B2B marketers underestimate impact of new GDPR rules
Just one in four (25 per cent) of business-to-business marketers describe themselves as likely to be extremely or very affected by GDPR once it starts being enforced in May 2018. This constrasts sharply with two-thirds (66 per cent) of B2C marketers who expect a significant impact.
The findings from a new bi-annual tracking study by the DMA seem likely to reflect an historical belief that B2B data is not subject to data protection laws in the same way as B2C. GDPR makes no distinction between the two types.
While awareness of the changes being wrought by the Regulation was very high in both sectors, consumer marketers are far more prepared than their business colleagues, at 68 per cent compared to 36 per cent. Across all respondents, however, a gap emerged around who should take responsibility for GDPR compliance, with 21 per cent of those surveyed saying they did not know whose role this was.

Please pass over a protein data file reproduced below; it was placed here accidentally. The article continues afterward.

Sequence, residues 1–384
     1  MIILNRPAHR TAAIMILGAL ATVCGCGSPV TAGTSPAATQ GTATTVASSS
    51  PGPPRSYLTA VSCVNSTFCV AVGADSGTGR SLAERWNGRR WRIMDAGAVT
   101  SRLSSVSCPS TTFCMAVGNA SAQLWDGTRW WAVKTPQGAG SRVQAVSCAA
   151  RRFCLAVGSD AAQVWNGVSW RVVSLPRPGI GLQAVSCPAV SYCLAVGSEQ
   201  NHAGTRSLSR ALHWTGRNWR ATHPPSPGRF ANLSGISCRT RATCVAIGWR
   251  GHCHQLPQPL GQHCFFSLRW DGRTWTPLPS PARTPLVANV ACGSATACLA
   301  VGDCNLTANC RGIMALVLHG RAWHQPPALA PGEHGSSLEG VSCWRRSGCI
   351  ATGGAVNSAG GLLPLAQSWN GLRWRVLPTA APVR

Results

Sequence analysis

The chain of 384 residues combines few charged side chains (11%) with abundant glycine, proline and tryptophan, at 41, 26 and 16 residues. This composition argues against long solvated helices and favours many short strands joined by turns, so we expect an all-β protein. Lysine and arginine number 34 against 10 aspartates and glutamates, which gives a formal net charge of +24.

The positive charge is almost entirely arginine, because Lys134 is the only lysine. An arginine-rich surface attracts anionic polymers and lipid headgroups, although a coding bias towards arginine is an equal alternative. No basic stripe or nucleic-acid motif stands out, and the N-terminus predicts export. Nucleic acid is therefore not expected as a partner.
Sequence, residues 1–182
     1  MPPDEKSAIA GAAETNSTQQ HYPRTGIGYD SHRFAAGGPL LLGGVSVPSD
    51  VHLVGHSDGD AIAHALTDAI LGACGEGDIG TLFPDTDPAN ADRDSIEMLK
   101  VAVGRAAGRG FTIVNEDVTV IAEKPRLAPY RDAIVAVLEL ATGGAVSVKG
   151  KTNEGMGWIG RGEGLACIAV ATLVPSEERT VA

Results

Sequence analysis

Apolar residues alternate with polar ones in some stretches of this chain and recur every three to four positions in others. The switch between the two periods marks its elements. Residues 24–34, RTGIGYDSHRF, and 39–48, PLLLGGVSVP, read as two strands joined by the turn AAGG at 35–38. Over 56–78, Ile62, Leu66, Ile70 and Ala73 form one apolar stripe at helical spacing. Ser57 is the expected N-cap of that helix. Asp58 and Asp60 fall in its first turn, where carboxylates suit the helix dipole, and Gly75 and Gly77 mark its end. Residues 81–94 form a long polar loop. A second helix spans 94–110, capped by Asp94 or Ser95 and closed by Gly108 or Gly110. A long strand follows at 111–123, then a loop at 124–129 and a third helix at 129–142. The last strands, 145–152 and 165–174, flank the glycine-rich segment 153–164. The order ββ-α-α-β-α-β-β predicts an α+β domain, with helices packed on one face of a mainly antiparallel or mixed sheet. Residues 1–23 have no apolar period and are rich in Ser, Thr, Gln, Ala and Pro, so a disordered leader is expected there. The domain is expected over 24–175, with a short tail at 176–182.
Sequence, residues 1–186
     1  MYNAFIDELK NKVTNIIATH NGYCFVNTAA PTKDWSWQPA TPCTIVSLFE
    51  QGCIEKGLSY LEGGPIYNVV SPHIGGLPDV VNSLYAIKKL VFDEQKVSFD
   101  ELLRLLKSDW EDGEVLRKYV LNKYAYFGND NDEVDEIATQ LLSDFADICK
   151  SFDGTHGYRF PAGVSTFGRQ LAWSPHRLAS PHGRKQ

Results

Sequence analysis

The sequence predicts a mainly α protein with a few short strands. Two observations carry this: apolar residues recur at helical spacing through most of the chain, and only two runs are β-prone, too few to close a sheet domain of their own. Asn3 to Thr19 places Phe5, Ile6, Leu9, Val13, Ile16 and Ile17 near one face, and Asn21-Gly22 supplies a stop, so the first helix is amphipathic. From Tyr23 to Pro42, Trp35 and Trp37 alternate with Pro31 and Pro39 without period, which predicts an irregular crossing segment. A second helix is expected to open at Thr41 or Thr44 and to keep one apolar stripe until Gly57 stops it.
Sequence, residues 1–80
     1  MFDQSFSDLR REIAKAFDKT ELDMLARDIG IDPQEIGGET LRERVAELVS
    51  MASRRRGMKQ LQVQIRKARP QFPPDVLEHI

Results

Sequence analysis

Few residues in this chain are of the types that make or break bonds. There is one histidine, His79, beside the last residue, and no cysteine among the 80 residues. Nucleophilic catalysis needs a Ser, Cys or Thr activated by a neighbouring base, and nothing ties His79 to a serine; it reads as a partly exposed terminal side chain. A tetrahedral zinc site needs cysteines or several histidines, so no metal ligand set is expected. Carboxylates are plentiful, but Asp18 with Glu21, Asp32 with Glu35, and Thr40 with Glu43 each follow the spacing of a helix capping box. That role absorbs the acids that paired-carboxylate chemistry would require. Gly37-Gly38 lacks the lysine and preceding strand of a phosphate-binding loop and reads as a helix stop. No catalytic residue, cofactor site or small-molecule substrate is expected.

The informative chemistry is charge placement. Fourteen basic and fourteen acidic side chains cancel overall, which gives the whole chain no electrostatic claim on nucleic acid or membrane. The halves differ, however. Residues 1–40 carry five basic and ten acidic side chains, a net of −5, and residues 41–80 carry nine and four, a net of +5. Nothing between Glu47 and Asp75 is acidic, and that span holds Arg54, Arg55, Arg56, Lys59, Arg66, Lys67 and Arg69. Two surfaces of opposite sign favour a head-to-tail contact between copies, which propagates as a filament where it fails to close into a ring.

Chris Combemale, CEO of DMA Group, said: “Data protection is now firmly a board-level issue and should be seen as a critical business risk, rather than a compliance issue alone. Loss of customer trust, security breaches and the reputational damage of fines could pose risks to brand and shareholder value. As well as protecting consumers, the new legislation also provides a framework for businesses to ensure the potential economic opportunities that digital transformation and big data offer are fully realised.”
Across the survey, 30 per cent of marketers said their company was unprepared for GDPR. This seems likely to change over the coming two years before enforcement, not least as the DMA itself develops its suite of GDPR-related advice, events, training and research.